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Hargrove: WR Britt could be Titans’ missing piece
May 6, 2009
A week ago, I spent some time reflecting on the NFL Draft, and I realized that I knew next to nothing about Titans first-round pick Kenny Britt. This realization enticed me to do a little research on the Titans future “go-to” guy. In doing so, I found I was not alone; an astonishing number of people were left in the dark.
The only real piece of information pro football extremists shared was the fact that Britt was listed among the top five receivers in most of the mock drafts. While looking at the collegiate statistics of the five wide-outs taken before Britt in the draft, I was thrilled to see that, on paper, Britt was just as good, if not better than his counterparts.
Let’s take a look at the six receivers taken in the first round of the draft:
-Darrius Heyward-Bey (6-2, 210 pounds, Maryland) — Taken seventh overall by the Oakland Raiders; At the NFL Combine, Heyward-Bey ran a 4.30 in the 40, had 16 reps on the bench, 38.5 inches on the vertical jump, 126 inches on the broad jump, and ran a 4.18 in the 20 yard shuttle. During his three years at Maryland, Heyward-Bey amassed 2,089 receiving yards, had 13 touchdowns and four 100-yard receiving games. It is believed he was picked first by the Raiders because of his blazing speed. (He had the best 40 time at the Combine.)
–Michael Crabtree (6-2, 215, Texas Tech) — Taken 10th overall by the San Francisco 49ers; Due to offseason foot surgery, Crabtree did not compete in the Combine, but in college, Crabtree broke both school and NCAA records, one of them previously held by Arizona Cardinals wide-out Larry Fitzgerald. In 2008 Crabtree recorded 97 receptions for 1,165 yards, and 19 TDs while injured.
–Jeremy Maclin (6-0, 198 pounds, Missouri) — Taken 19th overall by the Philadelphia Eagles; At the Combine Maclin ran a 4.48 in the 40. A versatile receiver in the slot, at the flank, and split end, Maclin broke NCAA records, school records, and became known as a “third down specialist.” Maclin had 1,346 yards as a kick returner in 2007, and in 2008 he recorded 102 receptions for 1,260 yards and 13 TDs.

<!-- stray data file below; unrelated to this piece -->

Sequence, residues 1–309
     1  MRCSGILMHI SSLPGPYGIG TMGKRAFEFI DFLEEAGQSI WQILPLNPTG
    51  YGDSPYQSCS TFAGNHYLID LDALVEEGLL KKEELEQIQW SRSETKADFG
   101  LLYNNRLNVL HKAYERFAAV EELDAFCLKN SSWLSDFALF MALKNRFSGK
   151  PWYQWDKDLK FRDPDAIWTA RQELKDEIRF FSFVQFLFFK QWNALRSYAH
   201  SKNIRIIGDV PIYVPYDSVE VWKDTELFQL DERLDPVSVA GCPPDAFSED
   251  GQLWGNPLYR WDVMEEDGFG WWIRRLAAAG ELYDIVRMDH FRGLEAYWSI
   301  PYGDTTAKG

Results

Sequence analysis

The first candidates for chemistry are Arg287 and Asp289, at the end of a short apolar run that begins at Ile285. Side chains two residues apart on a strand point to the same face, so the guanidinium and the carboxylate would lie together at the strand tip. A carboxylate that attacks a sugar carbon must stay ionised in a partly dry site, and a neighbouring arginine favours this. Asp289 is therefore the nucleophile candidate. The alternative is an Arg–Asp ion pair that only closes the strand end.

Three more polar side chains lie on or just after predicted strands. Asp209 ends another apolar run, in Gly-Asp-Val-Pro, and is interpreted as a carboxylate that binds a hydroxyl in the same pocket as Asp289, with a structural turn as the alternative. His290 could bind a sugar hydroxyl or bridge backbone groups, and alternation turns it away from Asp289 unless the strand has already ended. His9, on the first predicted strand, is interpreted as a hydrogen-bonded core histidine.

–Percy Harvin (5-11, 192, Florida) — Taken 22nd overall by the Minnesota Vikings; At the Combine Harvin ran a 4.41 in the 40 and had 19 reps on the bench. He is known as a dual threat, both rushing and receiving. In his three year career with Florida, Harvin recorded 1,192 receiving yards and 1,852 rushing yards. In just 36 games he had a whopping 32 TDs, but there were questions about his on and off the field issues. (Injuries and attitude.)
–Hakeem Nicks (6-1, 212, North Carolina) — Taken 29th overall by the New York Giants; At the Combine Nicks ran a 4.63 in the 40, and had 36 inches on the vertical jump. He broke school and Atlantic Coast Conference records. In his career with the Tar Heels, Nicks recorded 181 receptions for 2,840 yards and 21 TDs. He also had ten 100 yard receiving games.
–Kenny Britt (6-3, 218, Rutgers) — Taken 30th overall by the Tennessee Titans; At the Combine Britt ran a 4.56 in the 40, had 23 reps on the bench, 37 inches on the vertical jump, 124 inches on the broad jump, and ran a 4.47 in the 20 yard shuttle. While it’s clear Britt is not the fastest of the bunch, he is visibly bigger and statistically stronger. He is the Big East’s all-time leading receiver with 3,043 yards in just 34 games. Britt also had a phenomenal fourteen 100 yard receiving games, tying Arizona Cardinal, Larry Fitzgerald’s previous record. In 2008 Britt recorded 87 catches for 1,371 yards and seven TDs. Nick named “Big Body,” Britt is known for his propensity to win jump ball contests.
If you look closely at the statistics, you’ll see that he outshines the other receivers in a variety of ways. For example, Britt racked up more receiving yards than the five aforementioned receivers taken before him in the draft. But- you don’t have to take my word for it. Just surf on out to NFL.com for the same statistics.
In first round pick Kenny Britt, the Titans just may have found their ticket back to the Super Bowl.